A firsthand account and incisive analysis of modern protest, revealing internet-fueled social movements’ greatest strengths and frequent challenges. To understand a thwarted Turkish coup, an anti–Wall Street encampment, and a packed Tahrir Square, we must first comprehend the power and the weaknesses of using new technologies to mobilize large numbers of people. An incisive observer, writer, and participant in today’s social movements, Zeynep Tufekci explains in this accessible and compelling book the nuanced trajectories of modern protests—how they form, how they operate differently from past protests, and why they have difficulty persisting in their long-term quests for change. 

Tufekci speaks from direct experience, combining on-the-ground interviews with insightful analysis. She describes how the internet helped the Zapatista uprisings in Mexico, the necessity of remote Twitter users to organize medical supplies during Arab Spring, the refusal to use bullhorns in the Occupy Movement that started in New York, and the empowering effect of tear gas in Istanbul’s Gezi Park. These details from life inside social movements complete a moving investigation of authority, technology, and culture—and offer essential insights into the future of governance.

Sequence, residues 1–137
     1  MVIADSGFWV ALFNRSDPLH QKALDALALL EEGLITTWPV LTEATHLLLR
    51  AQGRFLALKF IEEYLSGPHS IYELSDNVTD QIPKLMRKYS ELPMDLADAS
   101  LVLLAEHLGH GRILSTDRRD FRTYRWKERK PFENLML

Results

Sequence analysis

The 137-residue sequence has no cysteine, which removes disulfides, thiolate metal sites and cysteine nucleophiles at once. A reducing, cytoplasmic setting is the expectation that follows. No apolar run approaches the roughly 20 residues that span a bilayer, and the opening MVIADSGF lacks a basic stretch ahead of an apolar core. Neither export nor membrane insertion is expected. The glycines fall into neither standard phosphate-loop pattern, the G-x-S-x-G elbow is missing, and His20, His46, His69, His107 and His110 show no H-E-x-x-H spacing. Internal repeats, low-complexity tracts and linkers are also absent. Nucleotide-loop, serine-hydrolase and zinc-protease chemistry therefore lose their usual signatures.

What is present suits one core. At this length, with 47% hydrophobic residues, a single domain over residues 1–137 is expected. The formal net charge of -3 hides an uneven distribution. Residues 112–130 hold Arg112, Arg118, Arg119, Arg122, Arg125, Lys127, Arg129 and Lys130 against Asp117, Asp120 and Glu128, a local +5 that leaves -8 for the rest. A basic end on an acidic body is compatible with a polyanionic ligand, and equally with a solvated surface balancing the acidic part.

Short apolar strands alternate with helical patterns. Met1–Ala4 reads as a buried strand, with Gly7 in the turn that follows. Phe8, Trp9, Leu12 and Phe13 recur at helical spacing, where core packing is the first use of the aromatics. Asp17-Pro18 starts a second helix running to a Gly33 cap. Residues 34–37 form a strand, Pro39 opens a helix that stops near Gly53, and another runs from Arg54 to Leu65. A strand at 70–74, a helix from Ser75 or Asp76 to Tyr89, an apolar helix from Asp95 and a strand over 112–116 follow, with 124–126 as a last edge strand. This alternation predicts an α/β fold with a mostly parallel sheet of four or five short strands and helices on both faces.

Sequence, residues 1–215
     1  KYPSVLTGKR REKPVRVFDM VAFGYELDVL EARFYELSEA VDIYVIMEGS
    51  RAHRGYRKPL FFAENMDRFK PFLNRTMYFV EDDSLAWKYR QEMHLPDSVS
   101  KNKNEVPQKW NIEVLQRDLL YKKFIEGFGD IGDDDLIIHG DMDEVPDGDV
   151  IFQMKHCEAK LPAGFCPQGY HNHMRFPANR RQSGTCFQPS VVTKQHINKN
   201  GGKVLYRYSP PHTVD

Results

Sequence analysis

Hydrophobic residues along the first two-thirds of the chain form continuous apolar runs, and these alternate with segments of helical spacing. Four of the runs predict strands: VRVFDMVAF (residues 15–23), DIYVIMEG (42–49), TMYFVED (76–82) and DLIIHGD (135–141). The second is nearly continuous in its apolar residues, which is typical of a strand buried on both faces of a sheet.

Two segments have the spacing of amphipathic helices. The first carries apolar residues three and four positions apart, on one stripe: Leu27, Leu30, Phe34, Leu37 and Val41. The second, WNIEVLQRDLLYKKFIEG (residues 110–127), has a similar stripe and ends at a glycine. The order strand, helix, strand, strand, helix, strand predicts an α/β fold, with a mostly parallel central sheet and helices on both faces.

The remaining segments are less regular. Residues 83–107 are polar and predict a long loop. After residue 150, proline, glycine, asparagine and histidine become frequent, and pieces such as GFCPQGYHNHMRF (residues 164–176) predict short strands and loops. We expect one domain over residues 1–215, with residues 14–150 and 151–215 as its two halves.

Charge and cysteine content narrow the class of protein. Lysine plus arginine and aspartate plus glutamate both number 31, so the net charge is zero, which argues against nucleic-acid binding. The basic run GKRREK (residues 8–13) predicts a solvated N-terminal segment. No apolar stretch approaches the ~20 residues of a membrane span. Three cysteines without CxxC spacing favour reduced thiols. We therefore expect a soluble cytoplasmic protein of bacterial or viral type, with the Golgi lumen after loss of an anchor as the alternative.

Why we chose this book: In the last few months, with social isolation, technology has become an essential tool for communication. Globally there have also been many protests, where people continue to gather in large groups to stand up for their rights and beliefs. Through stories and narrative Twitter and Tear Gas explores the dynamics of protest that is mediated by various technologies. 

Food for Thought: 

1. How have cell phones with text, photo and video capabilities changed protests?

2. What impact does gathering quickly have on the development of social movements?

3. What are the strengths and weaknesses of using social media to organize protest movements? 

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